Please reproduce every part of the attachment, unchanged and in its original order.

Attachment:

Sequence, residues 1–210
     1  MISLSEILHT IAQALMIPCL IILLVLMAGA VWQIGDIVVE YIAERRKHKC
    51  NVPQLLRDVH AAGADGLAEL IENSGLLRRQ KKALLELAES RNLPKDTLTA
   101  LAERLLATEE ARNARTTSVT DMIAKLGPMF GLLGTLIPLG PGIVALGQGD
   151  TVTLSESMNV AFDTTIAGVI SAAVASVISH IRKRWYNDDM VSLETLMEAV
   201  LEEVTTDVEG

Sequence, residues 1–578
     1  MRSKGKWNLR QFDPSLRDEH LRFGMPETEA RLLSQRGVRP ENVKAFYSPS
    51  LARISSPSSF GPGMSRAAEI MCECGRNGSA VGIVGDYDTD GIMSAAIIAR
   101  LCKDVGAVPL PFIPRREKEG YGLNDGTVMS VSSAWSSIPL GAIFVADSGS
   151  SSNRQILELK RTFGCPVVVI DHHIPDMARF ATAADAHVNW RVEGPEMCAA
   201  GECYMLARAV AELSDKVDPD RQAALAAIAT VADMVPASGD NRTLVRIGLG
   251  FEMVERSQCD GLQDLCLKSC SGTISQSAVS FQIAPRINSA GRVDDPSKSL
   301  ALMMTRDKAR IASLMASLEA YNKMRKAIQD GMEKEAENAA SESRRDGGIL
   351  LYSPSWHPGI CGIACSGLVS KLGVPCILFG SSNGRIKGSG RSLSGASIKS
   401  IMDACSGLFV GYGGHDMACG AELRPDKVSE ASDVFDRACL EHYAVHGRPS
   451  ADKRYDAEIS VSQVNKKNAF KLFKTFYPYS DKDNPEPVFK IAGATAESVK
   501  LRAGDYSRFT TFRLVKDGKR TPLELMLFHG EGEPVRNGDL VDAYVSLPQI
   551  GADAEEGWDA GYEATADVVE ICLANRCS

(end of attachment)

Sequence, residues 1–210
     1  MISLSEILHT IAQALMIPCL IILLVLMAGA VWQIGDIVVE YIAERRKHKC
    51  NVPQLLRDVH AAGADGLAEL IENSGLLRRQ KKALLELAES RNLPKDTLTA
   101  LAERLLATEE ARNARTTSVT DMIAKLGPMF GLLGTLIPLG PGIVALGQGD
   151  TVTLSESMNV AFDTTIAGVI SAAVASVISH IRKRWYNDDM VSLETLMEAV
   201  LEEVTTDVEG

Sequence, residues 1–578
     1  MRSKGKWNLR QFDPSLRDEH LRFGMPETEA RLLSQRGVRP ENVKAFYSPS
    51  LARISSPSSF GPGMSRAAEI MCECGRNGSA VGIVGDYDTD GIMSAAIIAR
   101  LCKDVGAVPL PFIPRREKEG YGLNDGTVMS VSSAWSSIPL GAIFVADSGS
   151  SSNRQILELK RTFGCPVVVI DHHIPDMARF ATAADAHVNW RVEGPEMCAA
   201  GECYMLARAV AELSDKVDPD RQAALAAIAT VADMVPASGD NRTLVRIGLG
   251  FEMVERSQCD GLQDLCLKSC SGTISQSAVS FQIAPRINSA GRVDDPSKSL
   301  ALMMTRDKAR IASLMASLEA YNKMRKAIQD GMEKEAENAA SESRRDGGIL
   351  LYSPSWHPGI CGIACSGLVS KLGVPCILFG SSNGRIKGSG RSLSGASIKS
   401  IMDACSGLFV GYGGHDMACG AELRPDKVSE ASDVFDRACL EHYAVHGRPS
   451  ADKRYDAEIS VSQVNKKNAF KLFKTFYPYS DKDNPEPVFK IAGATAESVK
   501  LRAGDYSRFT TFRLVKDGKR TPLELMLFHG EGEPVRNGDL VDAYVSLPQI
   551  GADAEEGWDA GYEATADVVE ICLANRCS